Will Sirius XM (Nasdaq: SIRI) get delisted from the Nasdaq? Will Blockbuster (NYSE: BBI) file for bankruptcy? It doesn't matter -- in either case. As I've argued in the past, both of these entertainment stocks look dreadfully overvalued.

Personally, I'd much rather spend my time and focus my efforts on finding bargains in the market, and as I've also argued previously, some of the best bargains to be had in the market are found in the defense sector. And with our Defense Portfolio still stubbornly refusing to pace the rise in the S&P 500, this remains true today:

Company

Starting Price*

Recent Price

Total Return

General Dynamics (NYSE: GD)

$56.06

$75.24

34.8%

Raytheon (NYSE: RTN)

$41.74

$56.84

35.4%

Lockheed Martin (NYSE: LMT)

$76.44

$85.94

12.5%

AeroVironment

$29.96

$24.75

(17.4%)

iRobot

$11.49

$16.04

35.4%

Force Protection

$4.57

$6.19

43.3%

AVERAGE RETURN

 

 

24%

S&P Spyder

$87.28

$116.55

33.5%

DIFFERENCE

 

 

(9.5)

Source: Yahoo! Finance.
*Tracking began on July 10, 2009. Portfolio is equal-weighted, with "recent price" being set at market close on the Friday preceding publication, and adjusted for stock splits and dividends.

Defense news roundup
Once again this week. Lockheed Martin takes the prize as the company working hardest to catch up to the rest of the market. While best known for building military aircraft, Lockheed's becoming ever more the all-around solutions provider to the Pentagon. For example, this week the contractor landed a near-$1 billion contract to manufacture equipment capable of jamming transmissions to improvised explosive devices, preventing their going "boom!"

While the contract was awarded by the U.S. Navy, you can expect deployment to come by way of the U.S. Marine Corps -- and that's not all. The devices Lockheed's working on have already been approved for sale to U.S. allies in the wars ongoing in Iraq and Afghanistan.

One if by land, two if by sea
Lockheed also notched a win with the Navy proper this week. As you've no doubt heard, there's an epic struggle ongoing between two of our portfolio companies, Lockheed and General Dynamics, for the right to build 10 more littoral combat ships for the Navy. Lockheed gave itself a big flipper up in that competition when its first contribution to the fleet, the USS Freedom, was reported to have just completed its third successful drug interdiction mission. After using its spiffy new 40-knot engines to chase down a speedboat, the Freedom deployed a Sea Hawk helicopter to force the smugglers to beach, resulting in a 2,100-kilo drug bust.

Think Lockheed will mention these successes as part of its bid in April, to build the next 10 boats? Count on it.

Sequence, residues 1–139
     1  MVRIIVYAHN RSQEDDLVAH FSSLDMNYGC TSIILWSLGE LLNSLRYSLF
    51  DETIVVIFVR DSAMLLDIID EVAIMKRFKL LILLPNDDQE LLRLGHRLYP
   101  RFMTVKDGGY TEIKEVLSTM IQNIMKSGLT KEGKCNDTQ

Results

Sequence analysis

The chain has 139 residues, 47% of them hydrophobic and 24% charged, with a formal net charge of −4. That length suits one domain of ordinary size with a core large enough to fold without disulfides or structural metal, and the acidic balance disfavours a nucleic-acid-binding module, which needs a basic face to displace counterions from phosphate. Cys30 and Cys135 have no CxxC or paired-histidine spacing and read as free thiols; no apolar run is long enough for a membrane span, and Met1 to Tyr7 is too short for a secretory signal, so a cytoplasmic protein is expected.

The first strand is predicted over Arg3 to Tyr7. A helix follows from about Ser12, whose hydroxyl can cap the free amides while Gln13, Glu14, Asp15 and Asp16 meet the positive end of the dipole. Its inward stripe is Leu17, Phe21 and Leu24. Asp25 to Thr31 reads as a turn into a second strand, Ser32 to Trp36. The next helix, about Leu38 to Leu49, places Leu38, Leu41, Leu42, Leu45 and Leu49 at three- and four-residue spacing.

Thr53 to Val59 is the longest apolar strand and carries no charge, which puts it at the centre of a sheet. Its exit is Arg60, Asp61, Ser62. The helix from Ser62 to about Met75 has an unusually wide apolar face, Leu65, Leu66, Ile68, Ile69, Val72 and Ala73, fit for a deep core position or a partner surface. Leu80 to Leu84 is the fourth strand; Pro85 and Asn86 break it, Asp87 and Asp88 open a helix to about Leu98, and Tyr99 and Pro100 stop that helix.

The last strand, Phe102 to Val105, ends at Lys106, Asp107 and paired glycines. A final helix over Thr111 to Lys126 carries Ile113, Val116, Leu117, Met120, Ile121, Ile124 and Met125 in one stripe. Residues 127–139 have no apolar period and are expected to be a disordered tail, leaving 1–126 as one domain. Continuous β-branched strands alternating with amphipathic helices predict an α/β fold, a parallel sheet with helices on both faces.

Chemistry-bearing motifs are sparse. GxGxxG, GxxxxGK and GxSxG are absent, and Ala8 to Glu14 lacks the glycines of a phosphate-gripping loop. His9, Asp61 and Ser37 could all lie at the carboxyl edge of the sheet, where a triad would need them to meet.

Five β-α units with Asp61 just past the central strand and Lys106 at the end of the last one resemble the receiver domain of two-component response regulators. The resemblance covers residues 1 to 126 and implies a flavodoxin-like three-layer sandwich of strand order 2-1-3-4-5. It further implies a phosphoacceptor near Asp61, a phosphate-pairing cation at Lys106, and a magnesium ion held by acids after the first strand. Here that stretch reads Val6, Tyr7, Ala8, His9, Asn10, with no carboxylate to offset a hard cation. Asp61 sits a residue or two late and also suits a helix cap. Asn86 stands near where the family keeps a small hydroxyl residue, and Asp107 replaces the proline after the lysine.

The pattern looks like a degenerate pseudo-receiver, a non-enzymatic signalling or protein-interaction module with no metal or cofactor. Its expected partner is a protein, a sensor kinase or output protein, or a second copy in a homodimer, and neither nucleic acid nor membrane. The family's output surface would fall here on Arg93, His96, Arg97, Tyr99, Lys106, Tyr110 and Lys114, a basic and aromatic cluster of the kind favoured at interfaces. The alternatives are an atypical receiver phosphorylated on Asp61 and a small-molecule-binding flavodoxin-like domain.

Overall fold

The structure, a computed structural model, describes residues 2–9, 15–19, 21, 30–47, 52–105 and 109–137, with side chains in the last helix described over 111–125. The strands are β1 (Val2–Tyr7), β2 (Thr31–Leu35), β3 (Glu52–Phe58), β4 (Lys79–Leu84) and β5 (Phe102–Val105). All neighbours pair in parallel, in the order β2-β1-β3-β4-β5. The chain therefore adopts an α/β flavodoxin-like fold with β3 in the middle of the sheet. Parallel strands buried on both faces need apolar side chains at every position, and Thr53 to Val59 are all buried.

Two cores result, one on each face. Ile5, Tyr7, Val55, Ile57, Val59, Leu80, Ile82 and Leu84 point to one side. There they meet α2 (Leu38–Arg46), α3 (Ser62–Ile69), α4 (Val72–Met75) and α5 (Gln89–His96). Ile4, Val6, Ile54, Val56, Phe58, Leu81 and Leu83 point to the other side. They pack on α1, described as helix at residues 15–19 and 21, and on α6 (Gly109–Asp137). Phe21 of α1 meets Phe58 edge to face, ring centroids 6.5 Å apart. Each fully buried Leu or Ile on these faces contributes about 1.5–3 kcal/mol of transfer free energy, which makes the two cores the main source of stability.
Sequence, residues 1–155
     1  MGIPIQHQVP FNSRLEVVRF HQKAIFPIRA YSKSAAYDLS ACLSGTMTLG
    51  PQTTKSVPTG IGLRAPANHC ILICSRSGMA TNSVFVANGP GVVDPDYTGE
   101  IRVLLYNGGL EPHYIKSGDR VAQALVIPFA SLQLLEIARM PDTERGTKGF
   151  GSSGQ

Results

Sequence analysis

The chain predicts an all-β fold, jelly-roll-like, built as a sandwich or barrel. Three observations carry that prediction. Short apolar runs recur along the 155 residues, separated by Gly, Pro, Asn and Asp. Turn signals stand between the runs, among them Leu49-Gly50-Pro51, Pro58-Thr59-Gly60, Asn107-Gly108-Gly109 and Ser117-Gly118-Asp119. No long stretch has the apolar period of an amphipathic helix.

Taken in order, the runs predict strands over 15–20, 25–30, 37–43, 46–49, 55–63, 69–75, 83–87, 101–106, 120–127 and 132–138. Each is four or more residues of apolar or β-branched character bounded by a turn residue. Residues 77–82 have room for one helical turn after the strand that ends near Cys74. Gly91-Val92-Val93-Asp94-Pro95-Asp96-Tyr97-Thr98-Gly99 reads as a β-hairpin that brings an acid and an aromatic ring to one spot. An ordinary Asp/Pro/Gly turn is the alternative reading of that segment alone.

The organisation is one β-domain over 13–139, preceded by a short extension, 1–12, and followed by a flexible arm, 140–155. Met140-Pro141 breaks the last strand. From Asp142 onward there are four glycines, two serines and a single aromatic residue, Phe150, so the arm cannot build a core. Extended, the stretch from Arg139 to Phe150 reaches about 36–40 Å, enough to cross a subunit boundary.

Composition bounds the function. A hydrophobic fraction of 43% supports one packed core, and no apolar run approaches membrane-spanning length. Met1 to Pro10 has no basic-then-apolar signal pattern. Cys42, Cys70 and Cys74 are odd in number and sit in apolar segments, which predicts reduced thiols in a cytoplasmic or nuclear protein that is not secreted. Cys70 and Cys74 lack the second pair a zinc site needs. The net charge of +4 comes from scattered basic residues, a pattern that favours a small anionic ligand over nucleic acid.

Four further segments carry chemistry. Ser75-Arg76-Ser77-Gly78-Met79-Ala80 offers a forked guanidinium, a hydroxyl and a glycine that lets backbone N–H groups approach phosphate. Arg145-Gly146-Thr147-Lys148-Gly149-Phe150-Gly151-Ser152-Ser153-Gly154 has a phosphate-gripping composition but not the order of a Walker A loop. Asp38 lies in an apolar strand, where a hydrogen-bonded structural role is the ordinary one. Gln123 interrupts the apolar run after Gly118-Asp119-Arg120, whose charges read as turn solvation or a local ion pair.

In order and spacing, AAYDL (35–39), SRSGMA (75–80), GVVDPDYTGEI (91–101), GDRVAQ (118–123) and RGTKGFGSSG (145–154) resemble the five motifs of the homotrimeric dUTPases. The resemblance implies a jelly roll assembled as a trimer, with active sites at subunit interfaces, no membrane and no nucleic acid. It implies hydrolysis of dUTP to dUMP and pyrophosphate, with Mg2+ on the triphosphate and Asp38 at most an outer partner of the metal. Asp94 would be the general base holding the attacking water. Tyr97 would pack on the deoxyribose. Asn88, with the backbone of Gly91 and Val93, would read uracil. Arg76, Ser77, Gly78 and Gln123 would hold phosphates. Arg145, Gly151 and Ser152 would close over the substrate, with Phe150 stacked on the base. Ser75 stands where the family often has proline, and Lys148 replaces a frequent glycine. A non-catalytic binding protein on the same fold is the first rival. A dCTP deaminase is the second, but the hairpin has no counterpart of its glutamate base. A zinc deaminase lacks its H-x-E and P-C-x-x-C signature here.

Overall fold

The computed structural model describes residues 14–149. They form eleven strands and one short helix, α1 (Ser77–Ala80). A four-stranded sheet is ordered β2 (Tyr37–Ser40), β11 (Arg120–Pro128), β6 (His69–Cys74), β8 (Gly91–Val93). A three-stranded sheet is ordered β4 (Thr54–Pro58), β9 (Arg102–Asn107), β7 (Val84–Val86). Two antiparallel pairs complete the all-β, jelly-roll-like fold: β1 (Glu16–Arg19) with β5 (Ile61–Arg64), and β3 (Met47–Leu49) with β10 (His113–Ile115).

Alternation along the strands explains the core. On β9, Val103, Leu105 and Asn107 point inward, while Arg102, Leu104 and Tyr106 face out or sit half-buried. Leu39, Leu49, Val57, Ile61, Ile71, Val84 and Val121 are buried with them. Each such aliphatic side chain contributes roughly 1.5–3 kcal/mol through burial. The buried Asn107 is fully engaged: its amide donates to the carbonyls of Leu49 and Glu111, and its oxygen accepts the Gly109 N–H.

Do the European hokey-pokey
"Put your left foot in, take your left foot out, put your left foot in, and shake it all about ..."

How's that for a bit of musical accompaniment to the other big story this week? In recent days, market pundits have been all a-flutter over the implications of Northrop Grumman (NYSE: NOC) dropping out of the competition to build the Air Force's new refueling tanker.

Supposedly, the removal of one of the two presumed bidders tied a bow on the gift of this multi-billion contract to Boeing (NYSE: BA). But Northrop partner EADS, after urging Northrop to bid on the contract and then backing up its buddy in saying the game was rigged against them, is now making noises about putting in a solo bid for the work.

Bids on the KC-X Tanker Project are supposedly due in May. But after EADS complained that it cannot possibly submit a bid on its own within that timeframe, the Pentagon took the bait and suggested that, sure, if EADS would like to participate, and just needs a little more time to get its papers in order, the Pentagon might be flexible on the timeframe.

Foolish takeaway
What's it mean for investors? Boeing appears to have secured a commanding lead in this race already -- if for no other reason than the fact that all parties involved have got to be just plane exhausted by now, and ready for this near-decade-long dance to sound its final note.

Who's the hands-down best bargain in the defense industry? Motley Fool Rule Breakers knows the answer. Take a free, 30-day trial and find out.

Fool contributor Rich Smith owns shares of AeroVironment. General Dynamics is a Motley Fool Inside Value pick. AeroVironment and iRobot are Motley Fool Rule Breakers recommendations. The Motley Fool has a disclosure policy.